Tuesday, May 15, 2012

Careful! Don't Serve Up Problems with EAP Concierge Services

Concierge services - non-traditional helping hand services provided by EAPs and other work-life businesses to help employees resolve everyday work-life problems are gaining hold in the EAP field--well, here and there. A recent post on LinkedIn from a EAP in the United Kingdom got me thinking about this topic again.

The fragile rationale for the inclusion of concierge services in EAPs is that if you can't walk your dog and are worried about the carpet at home, this distraction isn't good for your employer's productivity. Hence a leap forward to providing a helping hand to employees that gets the logistics and worry off the employee's mind to free that brain up for more productivity.

I have one reaction to this: What is the "spirit and intent" of the EAP Core Technology?

Skeptics argue that such "concierge" services are the creations of the work-life industry and move away from what EAP services are all about. Others paint a rationale completely consistent with the core technology. 

The reality of course is that competitive pressures to keep EAPs in business (otherwise known as the market economy) are turning some EAPs into do-it-all for you, one-stop resources for employees. Is this practicaal and protectionist or it shooting EAPs in the foot?

Is this an evolutionary step in the EA profession? Or, is it a step away from behavioral risk management, hands-on help for troubled employes, and better penetration into unmanaged risks in the organization associated with human behavior that only REAL EAPs can identify and dislodge? Does it contribute to a loss of focus for the profession, thereby making it ever more vulnerable to being hijacked by managed care?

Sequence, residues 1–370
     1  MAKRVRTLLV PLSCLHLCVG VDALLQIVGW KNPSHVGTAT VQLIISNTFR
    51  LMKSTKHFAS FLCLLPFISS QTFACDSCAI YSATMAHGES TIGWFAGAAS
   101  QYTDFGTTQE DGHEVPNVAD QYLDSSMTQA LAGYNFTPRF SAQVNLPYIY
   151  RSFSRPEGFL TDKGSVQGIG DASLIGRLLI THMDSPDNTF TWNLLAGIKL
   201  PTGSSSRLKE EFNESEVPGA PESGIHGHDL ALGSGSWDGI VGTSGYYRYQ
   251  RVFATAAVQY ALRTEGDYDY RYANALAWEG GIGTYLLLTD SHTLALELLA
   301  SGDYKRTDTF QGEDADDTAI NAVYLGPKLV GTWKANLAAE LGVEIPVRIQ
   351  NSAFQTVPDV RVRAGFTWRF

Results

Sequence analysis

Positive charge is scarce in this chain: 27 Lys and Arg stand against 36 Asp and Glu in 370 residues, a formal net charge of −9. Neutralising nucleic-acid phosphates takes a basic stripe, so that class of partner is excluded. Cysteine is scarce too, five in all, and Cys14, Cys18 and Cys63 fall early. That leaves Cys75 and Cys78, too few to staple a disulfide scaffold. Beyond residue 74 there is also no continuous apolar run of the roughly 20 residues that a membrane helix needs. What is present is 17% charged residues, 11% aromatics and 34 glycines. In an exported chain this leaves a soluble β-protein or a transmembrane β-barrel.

In many ways, EAPs have always provided some concierge services. I remember a kindergarten teacher phoning to say she was completely frustrated with AMTRAK for billing her $850 twice for taking a bunch of students on a field trip to New York. After four months and getting nowhere fast, she called the EAP. Yes, we took the case. After all, she does not have the time at work to be on the phone all day. About an hour of bird-dogging AMTRAK and the problem was solved. Concierge service? Perhaps, but is this proof that EAPs should dive in head first into this shallow water? If you argue yes, would you post a sign outside the EAP door that advertises "consumer affairs problems solved here?" What about your brochure?

Will these services build your utilization rate? Yes, but at what ultimate cost? I hear the siren's wail on this one? I think it is a shipwreck for the EAP field to venture this direction. I would argue you could make it easier to get farmed out. 

I think there is something called the “spirit and intent” of the EAP Core Technology. It requires an honest assessment of whether activities of your program match it because the profession is fewer in number this year than last--with many EAP closures only since 2012. I don't think concierge activity is what I would call a salvation related activity.